Opening: January 16, 2003, 7 p.m.
17 January through 27 April 2003
Place of exhibition: Generali Foundation, Wiedner Hauptstraße, 1040 Vienna
Works by Bureau d’études, Frontera Sur RRVT, Raqs Media Collective, Makrolab, multiplicity
In 2003, the series of experimental, guest-curated exhibitions at the Generali Foundation are continued by the Swiss artist and theoretician curator Ursula Biemann, who devised a concept based on the subject of geography and artistic practice. Geography and the Politics of Mobility takes five collective projects by international artists - most of which are presented for the first time - and uses them to examine the notion of geography, which has been undergoing a radical change for several years now. Increased mobility, global migratory movements, and new formations of work manifested in virtual global activities have led to new definitions going beyond the realm of geo-science. The circulation of people, data, and goods gives rise to new cultural, social, and virtual landscapes that materially inscribe themselves onto the terrain. In this exhibition, geography is seen as a working hypothesis that allows us to reflect on concepts of demarcation, connectivity, and transgression in society.
In the pictographic installation "World Monitoring Atlas," the artist duo Bureau d'études from Paris (Léonore Bonaccini and Xavier Fourt) visualizes the extensive network of data-gathering systems existing between individuals, transnational companies, governments, armed forces, international agencies, and citizens' groups. In contrast to the geographical map, which, based on a phenomenological concept of space, is read analogously, the Organigramm is a digital, structural representation. Such a representation seems to be more commensurate to the real, which can no longer be adequately grasped by photographic means. Bureau d'études often develops its installations in collaboration with the cultural theoretician and journalist Brian Holmes. Prior to this exhibition, they took part in the World-Information Exhibition in Amsterdam, where one of their installations was displayed.
Frontera Sur RVVT (Europe's Southern Border in Real, Remote and Virtual Time - Ursula Biemann, Regula Burri, Rogelio López Cuenca, Valeriano López Dominguez, Helena Maleno Garzon, Alex Muñoz Riera, Angela Sanders) views itself as a loose group of artists and activists. For the exhibition, they carried out a project that focuses on the area near the Spanish-Moroccan border, with its complex layers of meaning. This is a region where issues of sex, ethnic filtering, migration, and labor, as well as technological control mechanisms interact within the public sphere. Work relations on plantations, or in private households, secret boat crossings, and radar patrols - all of these various motivations for mobility lay bare a complex balance of power that reformulates the metaphorical and material constitution of borders.
Makrolab, founded by the Slovenian artist Marko Peljhan in 1994, is a nomadic, temporary research station that allows changing participants to monitor data flow from all over the world in remote locations and under isolated conditions. For this, artists and scientists develop autonomous laboratory projects that bear a relationship to each respective environment. The installation that is shown in the exhibition, documents the two-month laboratory project in the Scottish Highlands in summer 2002 based on video clips that were taken on site and audio-visual artistic works, combined with inserts of news reports in real time. In addition, a wall installation highlights the essential thematic fields and goals of Makrolab and indicates a time line of venues for the installation in Germany (Documenta X), Slovenia, Australia, and Scotland, as well as any future locations. In 2007, Makrolab will go to the Antarctic and be set up as a permanent art/science laboratory.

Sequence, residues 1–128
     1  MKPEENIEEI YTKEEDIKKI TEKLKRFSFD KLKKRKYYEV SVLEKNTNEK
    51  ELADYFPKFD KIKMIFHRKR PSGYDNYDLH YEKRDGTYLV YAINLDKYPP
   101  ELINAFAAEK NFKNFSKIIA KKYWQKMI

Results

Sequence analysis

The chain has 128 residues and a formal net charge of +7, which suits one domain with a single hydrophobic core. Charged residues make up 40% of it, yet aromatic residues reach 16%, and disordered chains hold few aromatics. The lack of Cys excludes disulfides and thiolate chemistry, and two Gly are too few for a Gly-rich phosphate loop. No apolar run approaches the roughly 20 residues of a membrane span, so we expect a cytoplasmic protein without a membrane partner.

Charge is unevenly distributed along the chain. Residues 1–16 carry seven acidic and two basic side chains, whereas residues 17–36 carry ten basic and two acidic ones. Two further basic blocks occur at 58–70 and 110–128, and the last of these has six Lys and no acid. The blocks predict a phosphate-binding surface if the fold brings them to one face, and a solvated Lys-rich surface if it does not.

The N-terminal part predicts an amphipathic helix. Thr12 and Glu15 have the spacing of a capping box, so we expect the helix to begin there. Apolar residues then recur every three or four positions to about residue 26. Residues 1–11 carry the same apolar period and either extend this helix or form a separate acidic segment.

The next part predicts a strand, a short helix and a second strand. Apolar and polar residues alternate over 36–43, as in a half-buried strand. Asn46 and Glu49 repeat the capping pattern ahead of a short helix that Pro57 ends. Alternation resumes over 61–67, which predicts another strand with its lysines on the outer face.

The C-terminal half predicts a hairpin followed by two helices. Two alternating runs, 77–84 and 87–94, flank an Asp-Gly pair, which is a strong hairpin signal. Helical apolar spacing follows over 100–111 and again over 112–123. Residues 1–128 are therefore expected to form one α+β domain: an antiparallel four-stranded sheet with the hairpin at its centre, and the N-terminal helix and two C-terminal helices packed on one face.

Operating from Milano, the multiplicity collective (Stefano Boeri, Maddalena Bregani, Francisca Insulza, Francesco Jodice, Giovanni La Varra, Armin Linke and John Palmesino) presents "Case 01 + 02," part of its ongoing project "Solid Sea," a new study of the changed conditions in the Mediterranean region. Multiplicity imagines the sea as a solid mass, examining it from several angles and using various forms of representation - maps, photographs, and videos. It explores both the streams of movement that traverse it and the identity of the individuals that inhabit it. The first case study for Solid Sea has been presented at Documenta 11; the new work, "World Odessa," concerns two ships that are anchored at the coastal city of Naples.
In its video and text installation "A/S/L"(Age/Sex/Location), Raqs Media Collective (Monica Narula, Jeebesh Bagchi and Shuddhabrata Sengupta) uses the example of women working as teleworkers in India to illustrate gender-specific working conditions within the out-sourced online data industry, which has seen considerable expansion in recent years, especially in India. The working conditions of this new "digital proletariat" necessitate constantly switching between the online and offline worlds, between the respective cultural and economic situations. The reality of one realm is carried by the inequality of another.
Guest Curator: Ursula Biemann
Curatorial Assistance and Exhibition Co-ordination: Luisa Ziaja